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What does Raich mean?

Posted by Richard on June 7, 2005

In a nutshell, the Raich (medical marijuana) ruling means that Lopez was an abberation and that Wickard is alive and well. Damn it. It also means we have exactly one Supreme Court justice who can be counted on to stand by the Constitution — Clarence Thomas.

If you want to read what lots of legal scholars, most enamored of stare decisis, have to say about Raich, check out SCOTUSblog. Frankly, I got bored after a while. Legal positivism and endless hair-splitting do that to me. But I found Radley Balko’s posts much more agreeable. Specifically, I agree with his assessment of Scalia’s concurring opinion:

It’s slimy. I never thought I’d see an avowed federalist justice favorably cite Wickard vs. Filburn, but Scalia does, and essentially argues an "ends justifies the means" approach to the Commerce Clause.
… 
Conservatives have long railed against Wicker, which held that a farmer who grows his own grain on his own land is subject to federal regulation via the Commerce Clause. Scalia just affirmed it.

Like Balko, I don’t see how Scalia’s argument in this case doesn’t invalidate his position in Lopez (which held that gun-free schools couldn’t be justified as a legitimate federal concern under the interstate commerce clause).  

Thomas’ dissenting opinion is outstanding, as Balko illustrates with choice quotes. Here’s the whole post, with some emphasis added by me:

Thomas…

…was dead-on, and proves to be the only principled federalist with an orginalist view of the Commerce Clause. Nut:

If Congress can regulate this under the Commerce Clause, then it can regulate virtually anything–and the Federal Government is no longer one of limited and enumerated powers.

[…]

Certainly no evidence from the founding suggests that "commerce" included the mere possession of a good or some purely personal activity that did not involve trade or exchange for value. In the early days of the Republic, it would have been unthinkable that Congress could prohibit the local cultivation, possession, and consumption of marijuana.

Thomas also takes shots at Scalia’s concurring "ends justifies the means" opinion (discussed below):

To act under the Necessary and Proper Clause, then, Congress must select a means that is "appropriate" and "plainly adapted" to executing an enumerated power; the means cannot be otherwise "prohibited" by the Constitution; and the means cannot be inconsistent with "the letter and spirit of the [C]onstitution."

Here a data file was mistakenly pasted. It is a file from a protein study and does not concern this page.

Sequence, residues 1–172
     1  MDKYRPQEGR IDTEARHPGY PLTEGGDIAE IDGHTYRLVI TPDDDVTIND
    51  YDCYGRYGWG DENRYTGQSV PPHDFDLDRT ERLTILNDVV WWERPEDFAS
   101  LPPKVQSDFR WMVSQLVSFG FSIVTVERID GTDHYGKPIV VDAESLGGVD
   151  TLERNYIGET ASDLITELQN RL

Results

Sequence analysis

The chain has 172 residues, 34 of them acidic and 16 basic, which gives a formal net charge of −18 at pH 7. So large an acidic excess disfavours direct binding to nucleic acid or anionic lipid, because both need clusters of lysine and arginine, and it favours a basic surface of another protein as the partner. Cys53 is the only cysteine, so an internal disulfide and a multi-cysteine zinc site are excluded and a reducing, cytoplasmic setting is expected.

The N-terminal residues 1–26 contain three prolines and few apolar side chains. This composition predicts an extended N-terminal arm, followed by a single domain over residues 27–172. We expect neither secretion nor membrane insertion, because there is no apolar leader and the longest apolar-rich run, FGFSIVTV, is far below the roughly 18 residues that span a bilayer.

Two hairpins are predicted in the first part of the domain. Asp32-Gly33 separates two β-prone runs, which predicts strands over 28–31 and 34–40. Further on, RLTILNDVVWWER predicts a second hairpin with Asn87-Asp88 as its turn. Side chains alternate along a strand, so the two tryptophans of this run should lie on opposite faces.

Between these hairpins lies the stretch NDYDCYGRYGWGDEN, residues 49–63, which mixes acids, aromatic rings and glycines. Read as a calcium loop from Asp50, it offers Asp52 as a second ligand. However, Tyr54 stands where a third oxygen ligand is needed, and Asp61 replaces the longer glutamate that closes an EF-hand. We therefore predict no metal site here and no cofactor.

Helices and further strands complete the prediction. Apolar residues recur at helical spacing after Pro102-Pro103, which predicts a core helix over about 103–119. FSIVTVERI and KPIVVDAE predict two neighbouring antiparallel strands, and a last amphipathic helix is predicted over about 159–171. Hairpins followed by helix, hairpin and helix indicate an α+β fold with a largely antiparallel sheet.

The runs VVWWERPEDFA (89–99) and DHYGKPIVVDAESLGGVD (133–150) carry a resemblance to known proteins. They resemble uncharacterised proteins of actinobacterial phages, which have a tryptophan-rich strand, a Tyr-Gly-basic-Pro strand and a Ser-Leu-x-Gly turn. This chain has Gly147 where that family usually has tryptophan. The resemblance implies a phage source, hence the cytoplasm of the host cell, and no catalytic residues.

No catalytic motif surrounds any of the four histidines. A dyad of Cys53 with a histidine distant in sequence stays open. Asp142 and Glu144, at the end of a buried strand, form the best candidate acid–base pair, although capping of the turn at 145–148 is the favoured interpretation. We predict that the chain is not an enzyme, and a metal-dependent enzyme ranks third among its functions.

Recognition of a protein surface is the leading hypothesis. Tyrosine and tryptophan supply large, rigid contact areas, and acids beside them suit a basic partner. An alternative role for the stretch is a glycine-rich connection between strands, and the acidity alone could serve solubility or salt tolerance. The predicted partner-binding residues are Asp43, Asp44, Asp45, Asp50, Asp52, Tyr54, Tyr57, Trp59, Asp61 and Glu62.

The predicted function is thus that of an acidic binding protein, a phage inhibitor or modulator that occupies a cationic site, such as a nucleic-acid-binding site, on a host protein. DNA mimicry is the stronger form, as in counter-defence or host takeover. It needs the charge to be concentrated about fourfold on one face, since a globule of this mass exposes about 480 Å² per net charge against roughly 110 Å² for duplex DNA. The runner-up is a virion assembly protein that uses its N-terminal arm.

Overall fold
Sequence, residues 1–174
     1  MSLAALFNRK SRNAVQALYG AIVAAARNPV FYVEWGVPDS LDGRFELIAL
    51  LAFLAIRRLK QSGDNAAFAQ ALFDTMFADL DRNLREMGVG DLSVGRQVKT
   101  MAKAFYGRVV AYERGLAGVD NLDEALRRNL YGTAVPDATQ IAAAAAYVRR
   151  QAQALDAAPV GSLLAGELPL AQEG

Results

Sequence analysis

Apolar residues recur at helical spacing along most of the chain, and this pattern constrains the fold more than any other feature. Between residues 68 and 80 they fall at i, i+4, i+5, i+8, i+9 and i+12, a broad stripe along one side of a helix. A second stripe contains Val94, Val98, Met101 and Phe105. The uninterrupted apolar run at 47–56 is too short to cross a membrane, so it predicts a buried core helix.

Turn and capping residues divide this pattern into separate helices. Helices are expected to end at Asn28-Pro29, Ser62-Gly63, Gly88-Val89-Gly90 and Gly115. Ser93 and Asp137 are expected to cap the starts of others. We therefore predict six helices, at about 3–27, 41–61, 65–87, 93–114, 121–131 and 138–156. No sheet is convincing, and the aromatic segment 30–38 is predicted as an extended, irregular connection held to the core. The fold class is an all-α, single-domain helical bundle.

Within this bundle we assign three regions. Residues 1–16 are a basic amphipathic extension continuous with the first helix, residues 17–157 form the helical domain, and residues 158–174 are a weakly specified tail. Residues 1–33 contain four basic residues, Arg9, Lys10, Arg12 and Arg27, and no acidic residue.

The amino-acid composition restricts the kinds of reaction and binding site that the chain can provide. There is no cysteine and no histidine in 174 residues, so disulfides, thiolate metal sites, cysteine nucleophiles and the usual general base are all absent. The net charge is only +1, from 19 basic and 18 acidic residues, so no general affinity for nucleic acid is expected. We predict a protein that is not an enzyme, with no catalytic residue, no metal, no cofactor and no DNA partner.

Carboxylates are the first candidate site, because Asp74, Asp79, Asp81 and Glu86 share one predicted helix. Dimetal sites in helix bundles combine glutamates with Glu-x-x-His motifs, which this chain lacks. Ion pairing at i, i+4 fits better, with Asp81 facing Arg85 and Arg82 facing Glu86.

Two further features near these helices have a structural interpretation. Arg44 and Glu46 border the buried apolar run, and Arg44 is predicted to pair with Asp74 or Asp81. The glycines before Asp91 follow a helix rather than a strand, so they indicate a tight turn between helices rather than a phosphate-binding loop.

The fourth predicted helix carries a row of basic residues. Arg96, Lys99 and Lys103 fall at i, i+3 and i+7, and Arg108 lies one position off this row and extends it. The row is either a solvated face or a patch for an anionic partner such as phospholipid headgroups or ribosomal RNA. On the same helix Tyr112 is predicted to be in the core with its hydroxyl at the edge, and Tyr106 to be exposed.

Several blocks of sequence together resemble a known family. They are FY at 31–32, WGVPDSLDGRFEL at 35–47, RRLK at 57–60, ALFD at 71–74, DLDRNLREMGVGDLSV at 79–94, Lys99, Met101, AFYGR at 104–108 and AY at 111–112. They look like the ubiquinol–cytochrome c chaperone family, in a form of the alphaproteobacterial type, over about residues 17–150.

The CSA, as applied to respondents’ conduct, is not a valid exercise of Congress’ power under the Necessary and Proper Clause.

He then explains why the CSA as applied to Angel Raich fails the Necessary and Proper test set out in 1819 in McCulloch v. Maryland, every step of the way.

Thomas then addresses Scalia’s position so directly, he may as well have called him out by name:

In Lopez, I argued that allowing Congress to regulate intrastate, noncommercial activity under the Commerce Clause would confer on Congress a general "police power" over the Nation. This is no less the case if Congress ties its power to the Necessary and Proper Clause rather than the Commerce Clause. When agents from the Drug Enforcement Administration raided Monson’s home, they seized six cannabis plants. If the Federal Government can regulate growing a half-dozen cannabis plants for personal consumption (not because it is interstate commerce, but because it is inextricably bound up with interstate commerce), then Congress’ Article I powers–as expanded by the Necessary and Proper Clause–have no meaningful limits. Whether Congress aims at the possession of drugs, guns, or any number of other items, it may continue to appropria[te] state police powers under the guise of "regulating commerce."

Let it no longer be said that Thomas carries water for Scalia.

He’s easily the most principled and consistent defender of federalism on the court.

Bravo, Justice Thomas.

I hope we get Janice Rogers Brown onto the D.C. Circuit Court this week, and I most fervently hope that, before this administration is over, she is elevated to the Supreme Court. Then, Thomas will have at least one reliable ally.

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